In my experience Nestle morsels melt the best during baking process but they are not pareve. Ghirardelli morsels are also very good. I also like the Hershey mini-morsels. The standard-size Hershey Morsels, however, do not seem to melt as well as the others, and I usually don’t use them in cookies (although they are terrific in brownies, which is an entirely different column). The morsels MUST, however, be semisweet (i.e. dark) chocolate. Milk chocolate morsels, which are sold in similar bags, are way too sweet to put into these cookies.

 The following recipes run the gamut from crunchy to chewy and the basic to the exotic. Make sure you pay attention to the types of flour and butter the recipe asks for, they are important to the end quality of the cookie.


MOIST AND CHEWY CHIPPERS

2 sticks (1 cup) unsalted butter
2 1/4 cups bread flour
1 teaspoon salt
1 teaspoon baking soda
1/4 cup white sugar
1 1/4 cups brown sugar
1 egg
1 egg yolk
2 tablespoons milk
1 1/2 teaspoons vanilla
2 cups semisweet or milk chocolate chips

Heat oven to 375.  Melt the butter in a heavy-bottom medium saucepan over low heat. Sift together the flour, salt, and baking soda and set aside. Pour the melted butter in the mixer’s work bowl. Add the sugar and brown sugar. Cream the butter and sugars on medium speed. Add the egg, yolk, 2 tablespoons milk and vanilla extract and mix until well combined. Slowly incorporate the flour mixture until thoroughly combined. Stir in the chocolate chips. Chill the dough, then scoop onto parchment-lined baking sheets, 6 cookies per sheet. Bake for 14 minutes or until golden brown, checking the cookies after 5 minutes. Rotate the baking sheet for even browning. Cool and store in an airtight container. Makes 2 1/2 to 3 dozen cookies

Submitted by Jill Janson Chicago IL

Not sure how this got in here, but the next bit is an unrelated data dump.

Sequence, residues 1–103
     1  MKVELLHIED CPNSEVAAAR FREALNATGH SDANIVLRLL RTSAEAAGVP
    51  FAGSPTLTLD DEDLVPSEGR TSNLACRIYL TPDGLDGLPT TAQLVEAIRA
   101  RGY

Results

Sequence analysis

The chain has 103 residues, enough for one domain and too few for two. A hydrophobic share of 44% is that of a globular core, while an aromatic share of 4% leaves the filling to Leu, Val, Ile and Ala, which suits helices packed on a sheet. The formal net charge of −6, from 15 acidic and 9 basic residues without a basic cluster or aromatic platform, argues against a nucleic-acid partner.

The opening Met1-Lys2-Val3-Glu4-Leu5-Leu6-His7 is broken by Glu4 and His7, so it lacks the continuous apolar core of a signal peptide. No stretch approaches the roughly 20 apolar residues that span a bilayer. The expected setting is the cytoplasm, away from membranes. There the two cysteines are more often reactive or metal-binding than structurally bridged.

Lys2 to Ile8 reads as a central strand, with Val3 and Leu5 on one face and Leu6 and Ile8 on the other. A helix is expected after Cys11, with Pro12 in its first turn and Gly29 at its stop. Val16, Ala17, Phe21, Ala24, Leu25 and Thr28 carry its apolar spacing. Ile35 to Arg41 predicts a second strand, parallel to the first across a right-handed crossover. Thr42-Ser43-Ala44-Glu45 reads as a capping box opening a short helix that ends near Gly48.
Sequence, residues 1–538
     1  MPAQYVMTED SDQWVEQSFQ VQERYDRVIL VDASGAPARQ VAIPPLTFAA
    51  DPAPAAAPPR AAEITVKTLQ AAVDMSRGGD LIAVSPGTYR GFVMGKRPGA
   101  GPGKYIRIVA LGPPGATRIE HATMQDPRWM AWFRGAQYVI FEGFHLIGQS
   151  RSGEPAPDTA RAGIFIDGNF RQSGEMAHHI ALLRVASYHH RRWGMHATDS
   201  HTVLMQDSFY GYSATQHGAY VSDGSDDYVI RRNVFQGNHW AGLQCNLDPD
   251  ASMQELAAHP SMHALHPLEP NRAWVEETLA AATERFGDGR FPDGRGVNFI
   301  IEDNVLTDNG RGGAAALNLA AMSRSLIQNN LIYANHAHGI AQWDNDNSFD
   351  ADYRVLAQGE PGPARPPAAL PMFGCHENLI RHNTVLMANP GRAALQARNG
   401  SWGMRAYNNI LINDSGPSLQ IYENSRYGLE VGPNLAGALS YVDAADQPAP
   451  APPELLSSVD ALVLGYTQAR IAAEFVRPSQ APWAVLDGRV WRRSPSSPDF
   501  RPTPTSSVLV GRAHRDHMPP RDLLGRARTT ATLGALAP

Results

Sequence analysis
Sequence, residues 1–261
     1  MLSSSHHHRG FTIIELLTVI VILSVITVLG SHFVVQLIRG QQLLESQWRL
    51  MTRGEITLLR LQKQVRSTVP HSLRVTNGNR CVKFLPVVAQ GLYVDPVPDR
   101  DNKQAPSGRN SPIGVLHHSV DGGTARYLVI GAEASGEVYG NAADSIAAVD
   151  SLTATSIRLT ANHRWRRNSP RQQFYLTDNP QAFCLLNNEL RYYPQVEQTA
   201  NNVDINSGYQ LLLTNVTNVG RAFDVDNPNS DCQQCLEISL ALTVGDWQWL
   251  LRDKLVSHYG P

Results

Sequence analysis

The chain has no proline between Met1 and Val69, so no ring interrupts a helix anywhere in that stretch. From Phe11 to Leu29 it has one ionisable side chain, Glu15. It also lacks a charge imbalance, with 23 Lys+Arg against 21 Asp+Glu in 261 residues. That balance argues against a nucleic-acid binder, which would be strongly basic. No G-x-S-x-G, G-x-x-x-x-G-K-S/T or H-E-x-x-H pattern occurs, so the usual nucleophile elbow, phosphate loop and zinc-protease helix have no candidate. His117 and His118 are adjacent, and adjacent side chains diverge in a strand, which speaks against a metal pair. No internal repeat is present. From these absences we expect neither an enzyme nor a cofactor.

PUFFY CHOCOLATE CHIP COOKIES

1 cup butter-flavored shortening
3/4 cup white sugar
1 cup brown sugar
2 1/4 cups cake flour
1 teaspoon salt
1 1/2 teaspoons baking powder
2 eggs
1 1/2 teaspoons vanilla
2 cups semisweet or milk chocolate chips

Heat oven to 375. Combine the shortening, sugar, and brown sugar in the mixer’s work bowl, and cream until light and fluffy. In the meantime, sift together the cake flour, salt, and baking powder and set aside. Add the eggs 1 at a time to the creamed mixture. Then add vanilla. Increase the speed until thoroughly incorporated. With the mixer set to low, slowly add the dry ingredients to the shortening and combine well. Stir in the chocolate chips. Chill the dough. Scoop onto parchment-lined baking sheets, 6 per sheet. Bake for 13 minutes or until golden brown and puffy, checking the cookies after 5
minutes. Rotate the baking sheet for even browning. Cool and store in an airtight-container. Makes 2 1/2 to 3 dozen cookies

THIN CHOCOLATE CHIP COOKIES

2 1/4 cups flour
1 teaspoon salt
1 teaspoon baking soda
Pinch baking soda
1 egg
2 ounces milk
1 1/2 teaspoons vanilla
2 sticks (1 cup) unsalted butter
1 cup white granulated sugar
1/2 cup brown sugar
2 cups semisweet  or milk chocolate chips

Heat oven to 375. Sift together the flour, salt, and baking soda in a mixing bowl and set is aside.. In the bowl of an electric mixer cream the butter. Add the egg, milk, and vanilla and mix to combine. Add the sugars and mix to combine then mix until light and fluffy. Reduce. Slowly add the flour mixture, scraping the sides of the bowl until thoroughly combined. Stir in the chocolate chips. Scoop onto parchment-lined baking sheets, 6 cookies per sheet. Bake for 13 to 15 minutes, checking the cookies after 5 minutes. Rotate the baking sheet for more even browning. Remove the cookies from the pans immediately. Once cooled, store in an airtight container. Makes 2 1/2 to 3 dozen cookies.

Modified from cooking.com

TRIPLE CHOCOLATE CHIP COOKIES

1 box chocolate cake mix (2 layer size)